Review: Dadamachines Automat - Robotic Music Machines Toolkit

Using physical robots to play musical and experimental sequences is an innovative new direction for MIDI technology. Timo Preece put it to the test.

Photo credits: Julia Patey and dadamachines

Special thanks and gratitude to the master of sound-diving Carlos Michael for loaning us his beautiful instruments.  

Berlin-based dadamachines is the project of Creative Technologist and DJ – Johannes Lohbihler. Currently running an already successful Kickstarter campaign, dadamachines automat is a unique, easy to use, hackable and open-source toolkit for building robotic music making machines.

My project Planetary Cymatic Resonance was invited down to dadamachines’ headquarters shortly after the Kickstarter launch to play around with the toolkit and to put it to the test. My musical accomplice, Steffen Günther and I had a remarkably exuberant experience and deem it worthwhile to share the associated geeked-out, fun-filled findings with our Ask.Audio readers. 

Before I begin, I’d like to point out that I consider this article more of a report than an official review. The toolkit, as it is right now, was developed with a focus on ease of use. The setup is plug & play and doesn’t require anything more than the press of a button for learning which notes the outputs react to. Dadamachines has some additional software features planned that will allow even more adaptable, responsive and customizable usage of the automat toolkit.


What’s Inside the Toolkit

To get the unfamiliar up to speed briefly, the automat toolkit is a plug & play MIDI controller and accessories kit that allows anyone to build awesome music machines using the real world as their instrument. As stated on dadamachines’ Kickstarter, “The center of each toolkit is the automat controller… plug in your favorite software or hardware MIDI device directly into the controller. For output, automat controller has 12 universal DC outputs to connect motors, solenoids, LEDs - whatever you want to start playing. No coding or soldering required.”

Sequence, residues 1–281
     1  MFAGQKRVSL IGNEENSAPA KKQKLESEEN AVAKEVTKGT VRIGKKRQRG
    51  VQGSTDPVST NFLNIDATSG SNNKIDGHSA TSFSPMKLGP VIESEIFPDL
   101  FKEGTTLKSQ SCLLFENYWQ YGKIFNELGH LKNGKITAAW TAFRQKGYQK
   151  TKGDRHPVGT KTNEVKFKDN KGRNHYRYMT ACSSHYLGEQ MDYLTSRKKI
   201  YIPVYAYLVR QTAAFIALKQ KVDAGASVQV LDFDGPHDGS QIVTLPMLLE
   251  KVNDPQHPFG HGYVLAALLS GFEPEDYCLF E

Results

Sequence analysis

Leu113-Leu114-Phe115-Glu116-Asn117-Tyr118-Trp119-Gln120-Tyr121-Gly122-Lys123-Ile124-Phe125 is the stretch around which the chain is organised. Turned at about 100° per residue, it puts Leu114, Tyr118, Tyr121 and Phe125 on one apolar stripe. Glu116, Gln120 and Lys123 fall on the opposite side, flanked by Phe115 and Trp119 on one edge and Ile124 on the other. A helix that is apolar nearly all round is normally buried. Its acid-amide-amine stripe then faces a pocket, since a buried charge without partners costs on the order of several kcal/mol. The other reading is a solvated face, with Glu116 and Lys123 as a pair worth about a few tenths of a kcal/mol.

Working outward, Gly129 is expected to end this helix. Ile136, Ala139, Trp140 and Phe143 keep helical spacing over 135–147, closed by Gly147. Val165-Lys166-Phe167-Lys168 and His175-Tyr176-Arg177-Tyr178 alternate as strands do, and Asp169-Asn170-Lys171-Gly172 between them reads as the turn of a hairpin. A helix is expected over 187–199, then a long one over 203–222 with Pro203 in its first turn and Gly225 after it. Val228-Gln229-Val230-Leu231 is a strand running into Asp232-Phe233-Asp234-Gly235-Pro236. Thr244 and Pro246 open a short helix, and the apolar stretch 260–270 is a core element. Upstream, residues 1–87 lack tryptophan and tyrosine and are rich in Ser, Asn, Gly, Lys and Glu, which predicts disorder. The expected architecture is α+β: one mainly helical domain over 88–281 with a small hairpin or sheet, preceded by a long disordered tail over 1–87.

PCR can attest to the quality of the components and brilliance of design. The solenoid motors, adaptors, mounts and various other parts seem sturdy, well constructed and versatile. The automat controller is composed of a durable anodized aluminum panel and powder coated steel shell. We connected our electronics and computer setup to it effortlessly using a standard USB connection. It also comes with the ability to connect via DIN MIDI in and thru and also has an Arduino shields and extension port. All in all, we found it a powerful hub for robotic connectivity that is well-built, portable and extremely straightforward to engage.


Mindful Methods

Playing with robots is a cool feat in itself (I could dink around all day) but PCR fancied incorporating dadamachines in a plausible real world scenario that augmented what we already do: meditative-based real-time sound performance. For us, dadamachines we ascertained could be useful in contributing to a multi-sensory live experience in at least two distinct ways. First, because we are improvising our performance on the spot we are limited to the amount of things we can control at any given time. But wait, what if we had more robot hands playing with us? 

Second, since our performances are sonically constructed by sampled and electronically generated sound sources, we strategized incorporating the musical robots to control acoustic instruments. This in turn would provide a beneficial layer of additional instrumentation as well as give our participants something visually captivating to focus on. 

To fit what we do, Planetary Cymatic Resonance acquired and implemented acoustic instruments that included: a wave harp, a metal Klangauge, meditation bowls, a frame drum and a tambourine. Johannes quickly and skillfully attached and adjusted the mallets and striking components to fit the physical proportions and layout of these instruments. 


 Setup In Action 

Once the dadamachines components were cabled and in place, I needed to adjust just how the actuators would strike the instruments. For precision and added flexibility, I created a MIDI track for every mechanism in the setup. Every instance of the automat controller can connect up to twelve universal DC outputs. If you need more connectivity, simply hook up and chain multiple controllers.